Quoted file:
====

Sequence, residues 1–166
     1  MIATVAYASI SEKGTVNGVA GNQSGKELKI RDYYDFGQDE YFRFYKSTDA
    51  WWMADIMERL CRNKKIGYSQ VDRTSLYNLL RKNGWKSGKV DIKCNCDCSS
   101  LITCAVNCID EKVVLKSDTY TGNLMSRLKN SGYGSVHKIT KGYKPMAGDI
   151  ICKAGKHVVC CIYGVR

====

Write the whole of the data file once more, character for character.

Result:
Sequence, residues 1–166
     1  MIATVAYASI SEKGTVNGVA GNQSGKELKI RDYYDFGQDE YFRFYKSTDA
    51  WWMADIMERL CRNKKIGYSQ VDRTSLYNLL RKNGWKSGKV DIKCNCDCSS
   101  LITCAVNCID EKVVLKSDTY TGNLMSRLKN SGYGSVHKIT KGYKPMAGDI
   151  ICKAGKHVVC CIYGVR